The proposed VPR method has been adopted in other disciplines of regularization parameter estimation. For example, in general numerical analysis, some have suggested the inverse of SNR as an estimate of regularization parameter (16). Others have reported using SNR as an estimate of the regularization parameter for the source modeling of human electroencephalography (EEG) or magnetoencephalography (MEG) data (28). Like the L-curve approach, such regularization parameter estimation is fully automatic and is modified by the image quality of aliased pixels. Thus, unlike the fixed regularization approach reported by Sodickson (14), which uses 5% of the first singular value, VPR adapts to data quality and can dynamically estimate regularization parameter based on the noise level of the aliased pixel.

In this study we proposed using either aSNR or pSNR to estimate a regularization parameter. Even though stationary anatomical images showed better reconstruction using aSNR (higher regularization) than pSNR (lower regularization), caution should be taken in the following two aspects: First, an accurate prior for regularization is desired. Practically, if the prior does not match the model describing the generation of aliased images, for example, motion artifacts in dynamic scans after the acquisition of the prior image, highly regularized reconstruction may deteriorate the reconstruction quality. This is because the regularization biases toward a solution that does not fit the data. Second, in a dynamic scan looking for a high CNR, highly regularized results may decrease the contrast (contrast across time) more than suppress the noise level, and thus the overall CNR decreases. The overall effect of regularization on CNR needs more specific analysis depending on applications, because the competing suppressions in contrast and noise terms by regularization may either improve or degrade the final CNR. One scenario for using aSNR to partition the singular value spectrum is to reconstruct noisy parallel MRI acquisitions where the trade-off emphasizes suppression of noise level.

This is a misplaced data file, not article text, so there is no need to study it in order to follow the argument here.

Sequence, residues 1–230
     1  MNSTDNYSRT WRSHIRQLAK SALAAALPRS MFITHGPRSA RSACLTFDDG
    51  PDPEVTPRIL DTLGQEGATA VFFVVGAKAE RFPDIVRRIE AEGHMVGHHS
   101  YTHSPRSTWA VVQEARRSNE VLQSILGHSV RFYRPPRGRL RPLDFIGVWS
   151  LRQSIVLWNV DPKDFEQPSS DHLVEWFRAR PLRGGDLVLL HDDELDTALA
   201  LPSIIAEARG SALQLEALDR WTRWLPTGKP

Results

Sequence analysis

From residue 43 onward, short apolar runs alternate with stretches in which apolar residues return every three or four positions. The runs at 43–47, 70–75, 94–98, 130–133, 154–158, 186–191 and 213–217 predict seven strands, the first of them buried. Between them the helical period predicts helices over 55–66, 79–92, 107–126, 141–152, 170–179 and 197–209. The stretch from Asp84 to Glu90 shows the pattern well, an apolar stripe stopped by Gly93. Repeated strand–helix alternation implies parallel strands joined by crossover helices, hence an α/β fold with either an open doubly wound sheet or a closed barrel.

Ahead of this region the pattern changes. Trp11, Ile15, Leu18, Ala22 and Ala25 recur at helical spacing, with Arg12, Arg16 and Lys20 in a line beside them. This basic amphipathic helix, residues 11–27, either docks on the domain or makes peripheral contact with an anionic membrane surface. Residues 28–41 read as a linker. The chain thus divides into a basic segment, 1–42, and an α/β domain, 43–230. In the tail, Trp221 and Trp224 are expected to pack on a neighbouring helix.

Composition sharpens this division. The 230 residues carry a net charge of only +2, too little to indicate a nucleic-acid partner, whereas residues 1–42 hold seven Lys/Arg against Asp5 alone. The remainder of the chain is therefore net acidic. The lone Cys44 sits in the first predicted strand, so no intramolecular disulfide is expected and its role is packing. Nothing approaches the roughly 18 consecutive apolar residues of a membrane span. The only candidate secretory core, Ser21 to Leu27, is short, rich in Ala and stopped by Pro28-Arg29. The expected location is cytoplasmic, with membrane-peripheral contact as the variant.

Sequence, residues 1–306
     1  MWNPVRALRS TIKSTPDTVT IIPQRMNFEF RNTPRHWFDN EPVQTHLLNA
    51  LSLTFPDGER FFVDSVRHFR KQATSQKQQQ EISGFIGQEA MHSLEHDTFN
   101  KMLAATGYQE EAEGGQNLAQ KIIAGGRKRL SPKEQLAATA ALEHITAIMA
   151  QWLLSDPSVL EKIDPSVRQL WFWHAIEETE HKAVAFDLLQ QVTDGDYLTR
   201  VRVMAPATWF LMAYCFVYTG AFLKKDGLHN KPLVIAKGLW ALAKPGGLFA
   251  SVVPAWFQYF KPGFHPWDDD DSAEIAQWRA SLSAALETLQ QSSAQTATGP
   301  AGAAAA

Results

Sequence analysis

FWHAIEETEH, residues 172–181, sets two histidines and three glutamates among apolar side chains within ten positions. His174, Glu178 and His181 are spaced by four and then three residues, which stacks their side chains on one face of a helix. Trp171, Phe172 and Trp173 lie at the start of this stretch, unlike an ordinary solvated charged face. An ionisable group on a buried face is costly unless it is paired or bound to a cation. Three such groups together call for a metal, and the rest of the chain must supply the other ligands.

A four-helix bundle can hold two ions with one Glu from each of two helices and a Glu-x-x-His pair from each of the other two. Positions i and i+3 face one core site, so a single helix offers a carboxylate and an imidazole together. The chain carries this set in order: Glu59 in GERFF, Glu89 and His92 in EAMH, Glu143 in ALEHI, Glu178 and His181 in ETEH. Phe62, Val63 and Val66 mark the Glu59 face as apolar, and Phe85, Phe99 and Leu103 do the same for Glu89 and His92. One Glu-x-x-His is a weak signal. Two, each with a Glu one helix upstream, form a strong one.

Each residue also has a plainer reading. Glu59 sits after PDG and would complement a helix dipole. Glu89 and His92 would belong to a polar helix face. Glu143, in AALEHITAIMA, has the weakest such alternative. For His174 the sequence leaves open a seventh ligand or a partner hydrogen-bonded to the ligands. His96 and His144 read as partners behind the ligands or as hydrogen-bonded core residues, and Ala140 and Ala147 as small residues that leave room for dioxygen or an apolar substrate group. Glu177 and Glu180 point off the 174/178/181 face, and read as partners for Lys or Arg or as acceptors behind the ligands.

Employing the singular value decomposition of the encoding matrix to guide the search for optimal regularization has been reported by other groups as well (12, 13). The proposed VPR method differs from those methods in its fully automatic calculation, while minimal heuristic intervention is required to define the abrupt change in singular value spectrum (13) or a user-defined constant to bound noise magnification from the RF coil array (12). A direct extension of the VPR method is to use the cutoff singular value determined by either pSNR or aSNR to implement the truncated Singular Value Decomposition (SVD), setting all singular values in the “noise” partition of the singular value spectrum to zero and thus increasing the stability of inversion of the encoding matrix.

In this study we performed regularized reconstruction for each individual frequency-encoded line. Mathematical analysis on the complexity of SVD computation indicates the advantage of using a line-by-line regularization over a scalar regularization for the whole image: The complexity of computing SVD on the encoding matrix, a necessary process to estimate a regularization parameter using either aSNR-VPR, pSNR-VPR, or L-curve method, is O(n3), where n denotes the size of the data (29). Thus line-by-line regularization has computational complexity of m*O(m3) for a 2D image of m-by-m voxels. However, a scalar regularization for the whole image is of the complexity of O(m6). Following this complexity analysis, one may postulate that it may be even more computationally efficient if we separately analyze sets of voxels aliased to each observed voxels in the accelerated data in each individually frequency-encoded line, since the dimension of the aliasing voxel set (c-by-r for c-channel and r-fold acceleration) is even smaller than the dimension of line-by-line regularization (m*c/r-by-m for c-channel and r-fold acceleration). However, in such a case we will lose the resolution in the power spectrum of singular values owing to a very small dimension of the data. Consequently, we may likely miss the optimal regularization parameter estimation using the VPR algorithm, which select one singular values matched the estimated data SNR. In summary, we would argue that line-by-line regularization is both computationally efficient and provides sufficient resolution in the singular value power spectrum in regularization parameter estimation.

CONCLUSION

We have presented a computationally efficient and robust approach to estimate the regularization parameter for prior-regularized parallel MRI reconstructions. The proposed Variance Partitioning Regularization (VPR) algorithm is fully automatic and shows a significant reduction in computational time for different image matrix sizes and SENSE accelerations rates. We have also demonstrated that VPR provides more robust regularization parameter estimation than the L-curve method. VPR can be applied to either static structural or dynamic functional parallel MRI acquisitions for robust and computationally efficient image reconstructions with suppressed noise amplification and improved image quality.

Acknowledgements

We thank Nichole Eusemann for preparation of the article.